Lawmakers Pledge ‘Commitment' to Metro in Capitol Hill Hearing

Metro's board chair was dis-invited from the hearing, sources told News4

Metro leaders were called to Capitol Hill Wednesday to testify about the transit agency's funding and whether its major safety overhaul is working.

During the hearing, Metro General Manager Paul Wiedefeld said he is close to laying out a financial plan that he believes the system won't be able to survive without. The plan will likely require a new dedicated source of funding such as a sales tax or more federal funding.

"My job is to clarify what our needs are, what are obstacles are to get to those needs," Wiedefeld said.

Wiedefeld said in the coming weeks he will develop a three year short term plan and a 10 year long term plan for funding Metro.

"The tin cup approach to financing Metro has to end. It doesn't work anymore," Rep. Gerry Connolly (D-VA) said.

Wiedefeld received assurance from Chairman of the House Oversight Committee Mark Meadows that something will be done to financially help Metro.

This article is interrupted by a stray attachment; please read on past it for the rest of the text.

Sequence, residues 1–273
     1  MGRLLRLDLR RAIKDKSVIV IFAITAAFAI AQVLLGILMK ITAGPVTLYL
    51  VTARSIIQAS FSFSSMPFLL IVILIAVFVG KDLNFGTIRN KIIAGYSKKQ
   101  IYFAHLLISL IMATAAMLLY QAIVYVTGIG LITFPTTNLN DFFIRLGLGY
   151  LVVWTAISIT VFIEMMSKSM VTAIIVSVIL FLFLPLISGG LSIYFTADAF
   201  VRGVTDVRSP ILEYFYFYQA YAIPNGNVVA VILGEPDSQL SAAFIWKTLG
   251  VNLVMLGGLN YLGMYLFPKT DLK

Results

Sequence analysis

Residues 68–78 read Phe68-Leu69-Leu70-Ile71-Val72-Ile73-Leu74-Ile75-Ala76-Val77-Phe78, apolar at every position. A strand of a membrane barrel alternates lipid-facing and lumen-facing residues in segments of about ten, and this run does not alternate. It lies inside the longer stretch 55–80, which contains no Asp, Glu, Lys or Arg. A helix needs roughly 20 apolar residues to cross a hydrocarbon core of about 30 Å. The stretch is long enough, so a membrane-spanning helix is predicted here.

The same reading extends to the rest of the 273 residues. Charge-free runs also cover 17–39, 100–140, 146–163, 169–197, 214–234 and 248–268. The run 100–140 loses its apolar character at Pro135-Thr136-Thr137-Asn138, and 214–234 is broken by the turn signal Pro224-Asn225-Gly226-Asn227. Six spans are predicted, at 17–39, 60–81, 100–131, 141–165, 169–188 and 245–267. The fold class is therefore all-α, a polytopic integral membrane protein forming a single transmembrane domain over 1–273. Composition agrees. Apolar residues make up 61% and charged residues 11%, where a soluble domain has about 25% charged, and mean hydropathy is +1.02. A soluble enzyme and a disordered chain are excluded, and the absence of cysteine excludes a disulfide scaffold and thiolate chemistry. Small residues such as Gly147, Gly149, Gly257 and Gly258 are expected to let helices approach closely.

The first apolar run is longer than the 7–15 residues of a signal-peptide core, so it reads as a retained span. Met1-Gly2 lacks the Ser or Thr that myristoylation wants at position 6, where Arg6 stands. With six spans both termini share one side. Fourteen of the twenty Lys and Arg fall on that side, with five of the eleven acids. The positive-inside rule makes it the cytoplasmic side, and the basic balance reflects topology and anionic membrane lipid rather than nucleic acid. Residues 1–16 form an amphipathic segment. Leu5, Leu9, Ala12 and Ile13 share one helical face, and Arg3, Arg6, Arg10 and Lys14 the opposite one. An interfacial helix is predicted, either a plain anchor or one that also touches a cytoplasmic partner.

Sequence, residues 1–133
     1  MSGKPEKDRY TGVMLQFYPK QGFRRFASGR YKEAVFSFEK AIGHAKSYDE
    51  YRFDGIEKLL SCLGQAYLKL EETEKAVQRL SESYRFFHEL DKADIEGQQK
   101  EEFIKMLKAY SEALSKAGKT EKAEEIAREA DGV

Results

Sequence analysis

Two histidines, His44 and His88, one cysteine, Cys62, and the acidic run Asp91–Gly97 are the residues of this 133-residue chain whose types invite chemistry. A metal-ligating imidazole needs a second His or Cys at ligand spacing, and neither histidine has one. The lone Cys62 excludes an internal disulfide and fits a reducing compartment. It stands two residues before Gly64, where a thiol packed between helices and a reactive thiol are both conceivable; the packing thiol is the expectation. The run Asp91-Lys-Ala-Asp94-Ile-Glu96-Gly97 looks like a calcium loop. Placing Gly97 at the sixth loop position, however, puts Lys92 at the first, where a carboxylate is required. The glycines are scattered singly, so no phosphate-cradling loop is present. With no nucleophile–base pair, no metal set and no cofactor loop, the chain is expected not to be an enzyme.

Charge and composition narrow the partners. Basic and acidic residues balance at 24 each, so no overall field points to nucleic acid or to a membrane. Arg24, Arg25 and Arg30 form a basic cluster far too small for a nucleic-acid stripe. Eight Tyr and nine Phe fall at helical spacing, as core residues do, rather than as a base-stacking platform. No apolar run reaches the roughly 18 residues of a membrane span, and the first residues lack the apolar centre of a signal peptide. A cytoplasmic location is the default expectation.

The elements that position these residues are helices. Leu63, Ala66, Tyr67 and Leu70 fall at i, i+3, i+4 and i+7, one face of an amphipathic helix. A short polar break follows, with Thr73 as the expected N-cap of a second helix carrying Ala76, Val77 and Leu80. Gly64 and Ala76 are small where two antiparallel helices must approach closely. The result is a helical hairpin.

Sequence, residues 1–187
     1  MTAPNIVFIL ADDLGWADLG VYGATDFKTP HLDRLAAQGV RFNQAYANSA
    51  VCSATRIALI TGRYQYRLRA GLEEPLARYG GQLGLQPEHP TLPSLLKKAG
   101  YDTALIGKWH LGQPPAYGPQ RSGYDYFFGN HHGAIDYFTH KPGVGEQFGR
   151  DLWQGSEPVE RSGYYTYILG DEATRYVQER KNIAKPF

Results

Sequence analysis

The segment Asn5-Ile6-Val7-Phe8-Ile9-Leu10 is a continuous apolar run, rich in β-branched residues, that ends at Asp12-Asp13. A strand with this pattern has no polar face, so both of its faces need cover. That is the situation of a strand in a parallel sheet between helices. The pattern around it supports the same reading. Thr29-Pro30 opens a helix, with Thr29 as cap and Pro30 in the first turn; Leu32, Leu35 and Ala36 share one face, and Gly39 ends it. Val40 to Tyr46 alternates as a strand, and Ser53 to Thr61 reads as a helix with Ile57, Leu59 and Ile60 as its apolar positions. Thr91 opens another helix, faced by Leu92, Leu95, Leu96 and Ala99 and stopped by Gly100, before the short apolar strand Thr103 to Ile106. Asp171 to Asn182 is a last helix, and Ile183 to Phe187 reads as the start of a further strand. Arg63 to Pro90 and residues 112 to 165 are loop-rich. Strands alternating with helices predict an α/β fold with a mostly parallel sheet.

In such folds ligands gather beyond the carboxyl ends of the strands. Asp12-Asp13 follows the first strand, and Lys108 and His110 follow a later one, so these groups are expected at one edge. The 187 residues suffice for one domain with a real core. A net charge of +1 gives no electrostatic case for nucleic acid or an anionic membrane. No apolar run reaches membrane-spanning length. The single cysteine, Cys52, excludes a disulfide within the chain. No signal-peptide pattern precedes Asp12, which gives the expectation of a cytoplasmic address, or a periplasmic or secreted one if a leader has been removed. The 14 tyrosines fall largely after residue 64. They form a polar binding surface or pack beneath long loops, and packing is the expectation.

"I'm willing to actually make a commitment. I get more complaints about WMATA here in the District than anything else," Meadows said.


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However, Meadows criticized Metro's "Back2Good" promotional campaign, which cost the transit agency $400,000.

The hearing was tame in comparison to hearings of the past in which Metro's board chair Jack Evans shouted for more funding from Congress. Evans was noticeably absent from the hearing.

Sources told News4 Evans was preliminarily approved to attend the hearing and he had already prepared remarks. However, he was dis-invited from the hearing on Tuesday, according to the sources.

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